I'm just shaking free of some other obligations, but this general topic is the next on my list, after I finish the "Petroleum" buildings stuff.

I love this town!

Doug Loudenback
03-05-2007, 03:37 PM
The Petroleum Club Building is SO ugly...
I strongly disagree. When it was built in 1957, the perspectives then were very positive ... and I personally still think that it's good looking ... even if it's pretty much obscure today as to "what it is", relegated, in most people's eyes, to nothing more than a parking garage, nothing more and with no ties to history. In my opinon, it's a very postive piece of Okc history, and, as well, a good looking piece of the status quo.

But, even if you're assuming this place to be nothing more than a parking garage, can you tell me another "parking garage" in Okc that is better looking?

Do it! :bow:

Doug Loudenback
03-06-2007, 10:13 AM
The 1st installment of my blog post, "Petroleum Building & Petroleum Club Building - 2 Obscurities", is in place at Doug Dawgz Blog: Petroleum & Petroleum Club Buildings ( . I'll edit the post to add the history of the Petroleum Club Building built by Liberty National Bank in 1957 in a day or three but most of the pics are there now.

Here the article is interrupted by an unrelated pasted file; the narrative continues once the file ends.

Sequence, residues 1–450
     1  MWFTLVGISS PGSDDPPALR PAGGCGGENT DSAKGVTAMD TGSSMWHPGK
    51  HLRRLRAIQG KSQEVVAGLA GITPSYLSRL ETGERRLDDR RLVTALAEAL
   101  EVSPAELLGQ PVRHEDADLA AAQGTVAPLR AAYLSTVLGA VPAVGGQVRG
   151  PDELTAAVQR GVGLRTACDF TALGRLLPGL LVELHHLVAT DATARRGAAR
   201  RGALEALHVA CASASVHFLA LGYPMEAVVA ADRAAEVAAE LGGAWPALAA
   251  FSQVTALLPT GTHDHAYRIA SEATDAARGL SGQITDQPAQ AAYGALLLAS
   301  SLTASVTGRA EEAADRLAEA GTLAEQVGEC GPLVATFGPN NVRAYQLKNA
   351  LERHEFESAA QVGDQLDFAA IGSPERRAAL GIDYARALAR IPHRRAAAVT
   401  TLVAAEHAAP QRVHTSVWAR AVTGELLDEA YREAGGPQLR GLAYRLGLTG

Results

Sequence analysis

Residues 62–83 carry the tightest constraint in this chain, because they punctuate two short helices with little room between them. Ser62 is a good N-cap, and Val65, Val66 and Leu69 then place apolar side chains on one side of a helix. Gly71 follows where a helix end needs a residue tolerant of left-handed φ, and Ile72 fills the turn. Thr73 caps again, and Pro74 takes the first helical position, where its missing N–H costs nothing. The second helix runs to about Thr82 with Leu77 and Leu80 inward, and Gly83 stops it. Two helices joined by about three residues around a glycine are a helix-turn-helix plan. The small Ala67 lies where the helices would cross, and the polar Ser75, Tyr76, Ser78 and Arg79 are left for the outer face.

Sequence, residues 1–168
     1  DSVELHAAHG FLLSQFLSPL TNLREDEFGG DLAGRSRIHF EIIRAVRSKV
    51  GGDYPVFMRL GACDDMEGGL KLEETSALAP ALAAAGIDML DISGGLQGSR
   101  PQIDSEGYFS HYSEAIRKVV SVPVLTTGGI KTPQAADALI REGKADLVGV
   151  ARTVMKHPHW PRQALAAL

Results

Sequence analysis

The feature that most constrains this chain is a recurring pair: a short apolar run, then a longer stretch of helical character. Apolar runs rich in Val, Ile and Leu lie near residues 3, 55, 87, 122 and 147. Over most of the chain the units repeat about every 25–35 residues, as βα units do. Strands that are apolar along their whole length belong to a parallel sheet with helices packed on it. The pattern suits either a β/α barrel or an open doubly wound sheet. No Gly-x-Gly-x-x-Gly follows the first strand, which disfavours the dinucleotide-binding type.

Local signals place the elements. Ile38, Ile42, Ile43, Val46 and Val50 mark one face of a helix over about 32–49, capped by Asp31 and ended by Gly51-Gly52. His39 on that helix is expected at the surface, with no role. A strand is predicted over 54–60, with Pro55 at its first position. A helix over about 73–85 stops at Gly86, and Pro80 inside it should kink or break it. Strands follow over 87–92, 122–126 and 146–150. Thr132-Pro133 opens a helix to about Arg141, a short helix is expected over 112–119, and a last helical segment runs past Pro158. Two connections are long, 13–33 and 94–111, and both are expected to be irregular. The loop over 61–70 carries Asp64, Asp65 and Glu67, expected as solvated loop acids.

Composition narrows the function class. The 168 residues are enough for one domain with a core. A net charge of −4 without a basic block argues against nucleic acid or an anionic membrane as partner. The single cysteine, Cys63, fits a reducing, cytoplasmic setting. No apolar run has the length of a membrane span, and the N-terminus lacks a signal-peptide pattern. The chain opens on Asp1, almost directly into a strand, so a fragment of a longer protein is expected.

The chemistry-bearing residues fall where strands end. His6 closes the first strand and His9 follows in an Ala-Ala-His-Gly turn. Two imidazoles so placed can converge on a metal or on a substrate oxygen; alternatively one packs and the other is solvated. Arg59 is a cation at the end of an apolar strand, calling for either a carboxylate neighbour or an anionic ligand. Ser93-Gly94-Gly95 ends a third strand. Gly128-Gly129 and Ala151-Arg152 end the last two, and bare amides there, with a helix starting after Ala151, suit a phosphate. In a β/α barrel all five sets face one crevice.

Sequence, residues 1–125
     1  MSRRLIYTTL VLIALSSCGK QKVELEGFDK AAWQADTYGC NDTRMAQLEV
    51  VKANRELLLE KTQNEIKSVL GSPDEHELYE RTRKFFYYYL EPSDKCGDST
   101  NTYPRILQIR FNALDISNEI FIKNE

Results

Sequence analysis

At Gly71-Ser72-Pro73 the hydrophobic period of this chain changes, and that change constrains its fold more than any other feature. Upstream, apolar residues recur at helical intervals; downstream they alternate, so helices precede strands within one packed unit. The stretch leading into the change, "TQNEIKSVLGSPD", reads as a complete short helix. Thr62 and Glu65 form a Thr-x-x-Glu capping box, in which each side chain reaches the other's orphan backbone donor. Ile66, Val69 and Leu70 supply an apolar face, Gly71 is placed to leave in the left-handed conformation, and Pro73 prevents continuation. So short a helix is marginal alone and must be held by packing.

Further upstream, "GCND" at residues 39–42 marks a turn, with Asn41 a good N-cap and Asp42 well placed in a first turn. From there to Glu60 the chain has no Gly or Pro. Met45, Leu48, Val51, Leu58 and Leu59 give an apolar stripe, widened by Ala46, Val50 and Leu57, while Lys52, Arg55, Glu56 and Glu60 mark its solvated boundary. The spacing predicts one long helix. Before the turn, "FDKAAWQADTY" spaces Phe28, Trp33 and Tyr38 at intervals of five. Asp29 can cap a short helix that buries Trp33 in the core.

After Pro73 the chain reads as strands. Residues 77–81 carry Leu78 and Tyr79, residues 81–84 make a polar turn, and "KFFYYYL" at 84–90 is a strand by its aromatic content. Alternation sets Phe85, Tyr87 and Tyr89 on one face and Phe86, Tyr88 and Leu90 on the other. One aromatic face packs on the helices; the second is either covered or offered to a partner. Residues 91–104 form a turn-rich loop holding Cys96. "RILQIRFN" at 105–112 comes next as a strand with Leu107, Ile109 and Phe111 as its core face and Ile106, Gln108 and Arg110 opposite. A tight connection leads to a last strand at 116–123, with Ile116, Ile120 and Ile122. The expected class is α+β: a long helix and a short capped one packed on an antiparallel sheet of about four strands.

And, to note, I've received 2 communications from sources here who wish to remain anonymous ... and they will ... but thanks to both and they know who they are!

Larger pics are generally available in the blog post, but here they are in smaller size and without the commentary present in the blog post.

Petroleum Building

After the 1931 Neighbors to The South

A Grainy Image from the Oklahoman's Archives

A 1947 Fire Next Door On My 4th Birthday

The Building Today

The Petroleum Club Building

The Original Petroleum Club Occupied the Top 2 Floors

03-06-2007, 12:10 PM
It's probably the tallest garage we have. I'll give you that. :)